- 1 decade ago
make sure you keep a litter box for her toilet then later if an outdoor cat she will get used to going out for toilet. some cats drink milk some prefer water you ll soon know what she is and they prefer the milk lukewarm.
Take her to the vet for vaccinations (this is important). once she's old enough (not sure how old maybe 6months) she will probably get pregnant. when she has the babies the kittens must not be handled only the mother is to handle them. it is very important that you do not touch the kittens for at least 6 weeks.if you do believe it or not the mother will abandon the kitten and possibly eat the kitten alive (its true)Source(s): owned a cat
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- 1 decade ago
Get her used to being handled by people by playing with her and nursing her. Bear in mind they can be very independant. Show her where the litter tray is and even put her there after her meals. Worming and vaccination is important. Offer your kitten smalls amounts of wet and dry food, best keep a supply of dry kitten biscuits for snacking and plenty of fresh water is a must. Can offer special milk designed for cat but never use cows milk as that can cause stomach upset ( Lactose intolerant). Let her explore her new house and make up a nice warm bed (but if she's like ours she'll sleep in bed with you). Most of all make her feel safe and give her lots of love and in time she'll learn to communicate with you. Another thing, a scratching post is a must!Source(s): Cat owner and pet care business
- crazy_cat_ladyLv 41 decade ago
With kittens its always best to get 2 then just 1 if you can afford it. make sure if you have 1 kitten have 2 litter boxes and if you get 2 kittens 3 litter boxes. clean the litter box at least once a day and new litter once a week to stop bacteria from spreading and getting your cat sick and your house to smell cleaner. make sure you have plenty of toys and a scratching post or something for their nails. it is normal for them to scratch things so supply them with one if not they will use you couch. start the kitten off on kitten food and at about a year you should add half and half kitten food/ adult food do that for 2 day and slowly keep adding more adult food and subtracting kitten food. so its not to hard on their tummy. set up a vet appointment as soon as you get the kitten. most kittens are born with worms. and keep the kitten up to date on shots and everything. well I hope I helped you out.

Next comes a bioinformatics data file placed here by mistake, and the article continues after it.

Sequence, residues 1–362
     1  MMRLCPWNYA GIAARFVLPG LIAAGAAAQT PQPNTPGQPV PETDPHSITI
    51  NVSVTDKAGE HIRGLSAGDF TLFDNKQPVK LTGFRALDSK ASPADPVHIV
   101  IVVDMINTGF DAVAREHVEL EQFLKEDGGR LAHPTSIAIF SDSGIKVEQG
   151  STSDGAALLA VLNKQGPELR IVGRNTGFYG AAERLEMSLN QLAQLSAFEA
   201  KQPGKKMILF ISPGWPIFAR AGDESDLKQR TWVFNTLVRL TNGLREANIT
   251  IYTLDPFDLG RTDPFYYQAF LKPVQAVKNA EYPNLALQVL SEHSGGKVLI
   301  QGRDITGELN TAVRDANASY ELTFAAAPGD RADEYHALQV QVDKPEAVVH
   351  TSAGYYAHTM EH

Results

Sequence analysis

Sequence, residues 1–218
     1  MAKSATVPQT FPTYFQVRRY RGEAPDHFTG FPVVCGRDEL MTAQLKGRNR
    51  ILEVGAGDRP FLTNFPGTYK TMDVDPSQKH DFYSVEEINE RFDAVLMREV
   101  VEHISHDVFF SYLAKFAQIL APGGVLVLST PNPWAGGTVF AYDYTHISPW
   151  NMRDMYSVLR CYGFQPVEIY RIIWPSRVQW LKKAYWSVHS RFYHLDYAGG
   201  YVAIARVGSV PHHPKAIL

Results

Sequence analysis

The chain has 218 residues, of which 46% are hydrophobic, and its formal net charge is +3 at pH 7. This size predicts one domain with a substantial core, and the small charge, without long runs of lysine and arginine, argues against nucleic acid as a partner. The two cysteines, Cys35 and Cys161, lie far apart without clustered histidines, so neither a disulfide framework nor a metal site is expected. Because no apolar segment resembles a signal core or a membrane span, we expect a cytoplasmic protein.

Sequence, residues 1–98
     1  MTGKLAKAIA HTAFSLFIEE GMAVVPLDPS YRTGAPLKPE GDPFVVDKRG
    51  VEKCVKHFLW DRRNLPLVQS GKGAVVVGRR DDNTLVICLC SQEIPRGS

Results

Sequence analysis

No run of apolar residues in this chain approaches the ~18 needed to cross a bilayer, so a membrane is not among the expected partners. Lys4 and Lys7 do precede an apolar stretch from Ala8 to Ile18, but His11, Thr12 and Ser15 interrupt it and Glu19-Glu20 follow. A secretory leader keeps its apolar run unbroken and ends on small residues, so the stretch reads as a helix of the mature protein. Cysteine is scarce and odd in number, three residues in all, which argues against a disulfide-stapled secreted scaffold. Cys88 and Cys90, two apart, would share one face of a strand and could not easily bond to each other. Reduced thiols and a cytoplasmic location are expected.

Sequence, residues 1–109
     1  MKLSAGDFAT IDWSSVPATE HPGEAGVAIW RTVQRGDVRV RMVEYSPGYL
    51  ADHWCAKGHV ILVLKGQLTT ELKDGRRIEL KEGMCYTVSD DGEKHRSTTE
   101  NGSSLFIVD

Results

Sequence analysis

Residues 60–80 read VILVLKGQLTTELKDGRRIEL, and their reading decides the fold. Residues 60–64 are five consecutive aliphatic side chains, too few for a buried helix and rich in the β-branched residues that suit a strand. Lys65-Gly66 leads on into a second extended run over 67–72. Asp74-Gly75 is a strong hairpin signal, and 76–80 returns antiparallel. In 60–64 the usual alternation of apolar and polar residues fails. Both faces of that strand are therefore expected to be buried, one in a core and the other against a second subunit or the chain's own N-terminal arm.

- 4 years ago
purina cat foods are awsome, tidy cat works well, but natural cat litters are supposed to be somehow healthier. Cats always scratch your furniture even with a post, but I have brought in a piece of fire wood in the winter and had some success, Toys are different depending on your cat. Get a reflective collar just in case kitty escapes, and have her chipped. Letting an indoor cat outside while you are out with them working on the lawn etc, can be very healthy for kitty. And the best cat hair removal systems include (but are not limited to) a spray bottle of your favorite liquid fabric softner diluted appropriately to spray directly on rugs and furniture before wiping dry, and brushing off the hair, roller tape, pet hair sponge, and the bissel pet hair remover or healthy home vacuum with the pet hair wands. IF kitty pees in the house you MUST get enzymatic cleaners, The sooner you clean up the better and limit temptations by closing closet doors and bedroom doors (if there is carpet) and keeping large potted plants up off the floor..:)